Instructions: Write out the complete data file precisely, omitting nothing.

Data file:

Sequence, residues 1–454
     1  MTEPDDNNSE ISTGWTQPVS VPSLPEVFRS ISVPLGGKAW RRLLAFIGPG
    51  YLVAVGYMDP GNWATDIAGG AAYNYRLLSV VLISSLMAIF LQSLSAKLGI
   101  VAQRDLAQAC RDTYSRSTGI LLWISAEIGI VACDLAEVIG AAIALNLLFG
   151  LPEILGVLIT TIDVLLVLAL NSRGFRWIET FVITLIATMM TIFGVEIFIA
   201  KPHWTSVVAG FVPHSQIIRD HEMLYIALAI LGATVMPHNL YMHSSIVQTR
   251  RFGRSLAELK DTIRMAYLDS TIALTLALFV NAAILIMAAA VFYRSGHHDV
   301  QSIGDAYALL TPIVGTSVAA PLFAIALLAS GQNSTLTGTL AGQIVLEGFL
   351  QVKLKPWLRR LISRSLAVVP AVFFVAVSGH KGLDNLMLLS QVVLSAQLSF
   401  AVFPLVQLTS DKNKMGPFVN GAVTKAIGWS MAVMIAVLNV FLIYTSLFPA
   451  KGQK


Sequence, residues 1–454
     1  MTEPDDNNSE ISTGWTQPVS VPSLPEVFRS ISVPLGGKAW RRLLAFIGPG
    51  YLVAVGYMDP GNWATDIAGG AAYNYRLLSV VLISSLMAIF LQSLSAKLGI
   101  VAQRDLAQAC RDTYSRSTGI LLWISAEIGI VACDLAEVIG AAIALNLLFG
   151  LPEILGVLIT TIDVLLVLAL NSRGFRWIET FVITLIATMM TIFGVEIFIA
   201  KPHWTSVVAG FVPHSQIIRD HEMLYIALAI LGATVMPHNL YMHSSIVQTR
   251  RFGRSLAELK DTIRMAYLDS TIALTLALFV NAAILIMAAA VFYRSGHHDV
   301  QSIGDAYALL TPIVGTSVAA PLFAIALLAS GQNSTLTGTL AGQIVLEGFL
   351  QVKLKPWLRR LISRSLAVVP AVFFVAVSGH KGLDNLMLLS QVVLSAQLSF
   401  AVFPLVQLTS DKNKMGPFVN GAVTKAIGWS MAVMIAVLNV FLIYTSLFPA
   451  KGQK